Posted on: March 10, 2020 at 11:47 am

The #metoo movement, which started in 2006, was founded to support survivors of sexual violence. The hashtag went viral in less than six months, and started an important conversation about the prevalence of sexual violence in our society which has since then dominated the national dialogue [1].

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With all the attention surrounding the rape culture that has become so prevalent in our society, you would expect that schools would make it a top priority to educate their students about consent and create an environment wherein all students feel comfortable and safe.

One parent recently discovered that this is not necessarily the case.

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Azlyn’s Story

Eleven-year-old Azlyn could not have been more excited about her school’s Valentine’s Day dance. She had picked out her outfit a week ahead of time and was expecting it to be the best day of the entire school year.

Her experience, unfortunately, did not match her expectations. When she returned home from school that day, she was very upset. Apparently, a boy who makes her feel uncomfortable asked her to dance, and she politely declined. 

The principal reportedly intervened and forced the young girl to dance with the boy because it is against the school’s rules to say ‘no’ to a dance.

Azlyn’s mother, Alicia Hobson, was very disturbed by the school’s policy and reached out to school officials for an explanation. The school principal responded in a letter with the following statement:

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“We do ask all students to dance. It is the nice thing to do and this will continue to be our policy,” he wrote on Feb. 15. “There have been similar situations in the past where some students have felt uncomfortable with others, and, as stated prior, the issues were discreetly handled. This allowed all students to feel welcome, comfortable, safe, and included.” [2]

Hobson, of course, was not satisfied with this response and wrote a statement on Facebook about her feelings toward the policy.

“Girls HAVE to learn that they have the right to say no and that those around them have to respect that,” she wrote. “I’m not going to quietly stand by while my daughter and all of her classmates are being wrapped up in rape culture. No way.”  [2]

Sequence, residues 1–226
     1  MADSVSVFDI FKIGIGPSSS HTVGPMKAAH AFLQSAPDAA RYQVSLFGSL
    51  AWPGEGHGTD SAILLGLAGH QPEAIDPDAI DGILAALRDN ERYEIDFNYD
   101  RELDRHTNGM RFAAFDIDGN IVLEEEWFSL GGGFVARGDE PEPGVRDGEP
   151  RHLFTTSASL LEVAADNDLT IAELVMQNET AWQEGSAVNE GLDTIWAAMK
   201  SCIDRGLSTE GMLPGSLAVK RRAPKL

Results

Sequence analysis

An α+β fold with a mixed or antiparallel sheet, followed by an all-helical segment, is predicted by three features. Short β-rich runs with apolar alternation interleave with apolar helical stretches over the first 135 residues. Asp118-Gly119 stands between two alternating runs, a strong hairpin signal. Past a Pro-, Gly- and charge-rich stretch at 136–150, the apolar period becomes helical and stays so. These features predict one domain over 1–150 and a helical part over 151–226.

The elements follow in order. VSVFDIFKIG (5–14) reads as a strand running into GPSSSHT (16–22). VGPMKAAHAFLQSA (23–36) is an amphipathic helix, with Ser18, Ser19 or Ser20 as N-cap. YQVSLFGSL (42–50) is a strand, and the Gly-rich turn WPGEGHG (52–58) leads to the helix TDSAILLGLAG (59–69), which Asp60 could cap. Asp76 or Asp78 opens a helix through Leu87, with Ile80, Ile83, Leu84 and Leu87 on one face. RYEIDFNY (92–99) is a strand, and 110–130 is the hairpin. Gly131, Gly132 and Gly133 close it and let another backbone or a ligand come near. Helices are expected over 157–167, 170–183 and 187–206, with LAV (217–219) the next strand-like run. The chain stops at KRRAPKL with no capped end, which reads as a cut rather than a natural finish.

The Importance of Consent

“Policies like this one not only overlook, but completely fly in the face of, what we need to be teaching young children — of all gender identities — about the importance of consent,” said clinical psychologist Dr. Rebecca Schrag Hershberg [2].

She cites that telling children they have to say ‘yes’, no matter how they’re feeling, is a dangerous lesson to be teaching, since it is very much in alignment with rape culture.

Natalie Hinchcliffe, D.O., explains that talking about consent is one of the most important ways we can affect the rape culture in our society. She explains that talking to our young people about consent before they become sexually active is crucial [3].

Programs in Kenya have found that the most important place to start in reducing the incidence of rape was to educate young boys. These programs have all shown that helping and empowering boys to speak out against actions and language that lead to sexual violence, as well as teaching them that rape is never justifiable, reduces the instance of rape [4].

Not surprisingly, researchers who were studying and evaluating these programs discovered that teaching girls and women self-defense and safety was not nearly as effective at reducing the incidence of sexual violence [3].

How to Talk to Kids About Consent

Most teenagers find the concept of consent a very easy thing to grasp, however, they can often feel awkward or find it difficult to ask for it, or grant or withhold it. For this reason, it is important to get them to start practicing when they’re younger and then talk about within the context of sex when they reach their teenage years [5].

Dr. David Anderson, a clinical psychologist at the Child Mind Institute, explains that teaching children consent starts with teaching empathy, which can be difficult during adolescence, a rather self-centered time in a person’s life.